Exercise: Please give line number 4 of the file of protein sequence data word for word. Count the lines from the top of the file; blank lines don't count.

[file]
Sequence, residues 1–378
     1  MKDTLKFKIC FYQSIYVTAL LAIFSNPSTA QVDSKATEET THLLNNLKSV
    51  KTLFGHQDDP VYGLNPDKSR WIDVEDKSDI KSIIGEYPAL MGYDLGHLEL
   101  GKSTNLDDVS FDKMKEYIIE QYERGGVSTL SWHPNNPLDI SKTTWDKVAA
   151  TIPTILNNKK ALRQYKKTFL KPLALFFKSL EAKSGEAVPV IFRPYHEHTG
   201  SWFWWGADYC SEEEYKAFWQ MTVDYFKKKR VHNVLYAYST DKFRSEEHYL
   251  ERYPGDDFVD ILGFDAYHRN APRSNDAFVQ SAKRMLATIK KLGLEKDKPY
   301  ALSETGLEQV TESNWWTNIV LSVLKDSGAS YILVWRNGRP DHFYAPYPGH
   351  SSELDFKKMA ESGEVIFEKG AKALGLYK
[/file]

   101  GKSTNLDDVS FDKMKEYIIE QYERGGVSTL SWHPNNPLDI SKTTWDKVAA